Habakkuk 3:21NIV New International Version Translations
2 Lord, I have heard of your fame; I stand in awe of your deeds, Lord. Repeat them in our day, in our time make them known; in wrath remember mercy.
Habakkuk is clearly a prophecy to the destruction of Judea and Jerusalem for the sins of the people, and the consolation of the faithful under national calamities. The Habakkuk Commentary or Pesher Habakkuk, labeled 1QpHab (Cave 1, Qumran, pesher, Habakkuk) was among the original seven Dead Sea Scrolls discovered in 1947 and published in 1951. Due to its early discovery and rapid publication, as well as its relatively pristine preservation, This scroll is one of the most frequently researched and analyzed of the several hundred now known to exist.
The words used here are for an act of devotion. The Lord would revive his work among the people in the midst of the years of adversity. This may be applied to every season when the church, or believers, suffer under afflictions and trials. Mercy is what we must flee to for refuge, and rely upon as our only plea. We must not say, Remember our merit, but, Lord, remember Your own mercy.
Items for Discussion
- In what ways does this devotion from Habakkuk speak to today’s Christians?
- Why would someone know the deeds of the Lord?
- How would or should this knowledge help someone during tough times?
- When we consider God’s wrath, our visions are frightening – Where in Habakkuk’s words is their comfort?
2 Peter 3:8-10
8 But do not forget this one thing, dear friends: With the Lord a day is like a thousand years, and a thousand years are like a day. 9 The Lord is not slow in keeping his promise, as some understand slowness. Instead he is patient with you, not wanting anyone to perish, but everyone to come to repentance. 10 But the day of the Lord will come like a thief. The heavens will disappear with a roar; the elements will be destroyed by fire, and the earth and everything done in it will be laid bare.
Peter (Simon) wrote this letter. Simon had his own business, fishing. But Jesus called Simon to be a disciple. Jesus gave him the name Peter, which means a ‘rock’. Peter was in Rome when he wrote this letter. He expected to die soon. Peter died on a cross about 35 years after Jesus’ ascension. During this time Nero ruled in Rome and was killing Christians.
Peter did not say where he was sending the letter. In 3:1, he referred to this letter as his ‘second letter’. We believe that 1 Peter was his first letter to these readers. So, the readers of both letters were probably the same people. They were Christians who lived in the country that we now call Turkey. Peter probably wrote this letter to both Jews and Gentiles who had become Christians.
Peter wrote this letter for three reasons:
- He wanted the people to be stronger Christians.
- He wanted to warn them about false teachers. He also wanted to remind them about the true Christian beliefs.
- He emphasised that Jesus Christ will return. Then God will judge wicked people. So, Christians must be ready for that day.
Verse 8: In verse 5, the false teachers did not remember what God had done in the past. But in verse 8, Peter did not want his ‘dear friends’ to forget what God had done. The Lord’s time is not the same as time in this world. To the Lord, 1000 years in this world may be like a day (Psalm 90:4). This is often hard for people to understand. But God is the ruler of time. A person may think that a period is a very long time. But it may be a very short time to God. People like things to happen quickly. But sometimes nothing seems to happen. This does not mean that God has forgotten.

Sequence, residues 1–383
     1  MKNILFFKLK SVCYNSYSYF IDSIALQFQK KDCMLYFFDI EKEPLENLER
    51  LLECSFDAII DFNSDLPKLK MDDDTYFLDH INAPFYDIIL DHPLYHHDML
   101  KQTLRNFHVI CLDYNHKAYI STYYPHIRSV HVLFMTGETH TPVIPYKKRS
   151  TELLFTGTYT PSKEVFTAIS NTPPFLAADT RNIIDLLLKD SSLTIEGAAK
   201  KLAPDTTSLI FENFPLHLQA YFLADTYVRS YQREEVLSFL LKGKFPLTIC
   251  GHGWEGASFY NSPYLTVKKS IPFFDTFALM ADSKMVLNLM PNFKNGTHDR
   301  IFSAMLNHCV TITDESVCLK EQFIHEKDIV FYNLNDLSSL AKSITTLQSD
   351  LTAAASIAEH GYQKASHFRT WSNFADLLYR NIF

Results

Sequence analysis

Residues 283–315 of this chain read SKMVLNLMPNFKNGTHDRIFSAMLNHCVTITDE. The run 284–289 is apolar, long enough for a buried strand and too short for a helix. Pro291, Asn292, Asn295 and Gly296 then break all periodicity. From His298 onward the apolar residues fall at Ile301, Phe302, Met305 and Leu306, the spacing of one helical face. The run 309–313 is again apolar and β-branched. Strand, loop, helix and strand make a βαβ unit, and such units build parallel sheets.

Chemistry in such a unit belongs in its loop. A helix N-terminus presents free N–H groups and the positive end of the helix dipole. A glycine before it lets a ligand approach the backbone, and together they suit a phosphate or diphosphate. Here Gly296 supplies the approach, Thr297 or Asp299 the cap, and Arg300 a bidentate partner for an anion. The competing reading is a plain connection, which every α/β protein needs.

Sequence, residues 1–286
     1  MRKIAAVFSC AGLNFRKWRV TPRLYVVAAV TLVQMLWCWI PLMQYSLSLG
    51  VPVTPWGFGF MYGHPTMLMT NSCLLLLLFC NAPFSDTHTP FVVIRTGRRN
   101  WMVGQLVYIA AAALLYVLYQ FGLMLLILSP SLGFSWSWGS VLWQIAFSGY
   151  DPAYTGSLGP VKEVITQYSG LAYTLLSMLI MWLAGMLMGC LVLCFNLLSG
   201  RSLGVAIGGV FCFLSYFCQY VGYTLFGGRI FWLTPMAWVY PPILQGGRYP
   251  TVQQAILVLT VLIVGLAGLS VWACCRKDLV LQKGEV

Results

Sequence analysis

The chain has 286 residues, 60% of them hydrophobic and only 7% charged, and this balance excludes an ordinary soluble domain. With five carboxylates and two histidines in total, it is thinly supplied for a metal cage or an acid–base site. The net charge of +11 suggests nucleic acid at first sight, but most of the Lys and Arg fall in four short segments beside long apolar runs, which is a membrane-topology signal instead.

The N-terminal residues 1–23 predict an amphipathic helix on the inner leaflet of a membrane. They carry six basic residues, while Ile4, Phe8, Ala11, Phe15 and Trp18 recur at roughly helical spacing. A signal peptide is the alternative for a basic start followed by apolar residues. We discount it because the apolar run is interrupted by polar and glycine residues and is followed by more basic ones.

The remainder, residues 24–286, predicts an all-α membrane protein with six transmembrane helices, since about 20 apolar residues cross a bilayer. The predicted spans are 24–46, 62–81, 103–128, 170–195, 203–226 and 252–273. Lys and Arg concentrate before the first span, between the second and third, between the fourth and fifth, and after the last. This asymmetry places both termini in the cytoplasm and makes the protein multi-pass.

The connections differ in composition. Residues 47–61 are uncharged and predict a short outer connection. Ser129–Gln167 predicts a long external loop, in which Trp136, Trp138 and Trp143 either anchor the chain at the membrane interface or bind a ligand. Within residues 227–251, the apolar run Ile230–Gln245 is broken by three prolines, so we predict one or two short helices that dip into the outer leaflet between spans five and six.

Verse 9: God will always keep his promises. Many people thought that Jesus should have returned already. But Peter explained that God is willing to wait. He is not slow, as people may think. But he is patient. God loves everyone. He sent Jesus to free people from their sins (John 3:16). God is waiting because he does not want anyone to die. He ‘desires that all people… will come to know the truth about Jesus’ (1 Timothy 2:4). God wants all people to turn back from their wrong ways. He wants to give people more time to obey him.
Verse 10: Jesus will not continue to wait forever. Jesus said that people would not know when would return (Luke 12:39-40). People do not expect a thief to come suddenly to their house in the middle of the night. In a similar way, Jesus will suddenly return to this world. God will not give people any more time to obey him. Instead, Jesus will come to judge them.
Items for Discussion
- Why is the history of our God so important to learn?
- Where do we learn God’s history?
- If God’s horizon is long and wide and His patience near infinite, how should we interpret verse 10?
- Is the modern day church and the modern day Christian prepared for a sudden return of Christ?
- If so, what have they done to prepare?
- If not, what should they be doing to prepare?
- Verse 10, if interpreted literally, can be very frightening and establish a sense of urgency – How can the modern church of today help elevate the priority that Peter seems to be placing in these verses?
- 1NIV New International Version Translations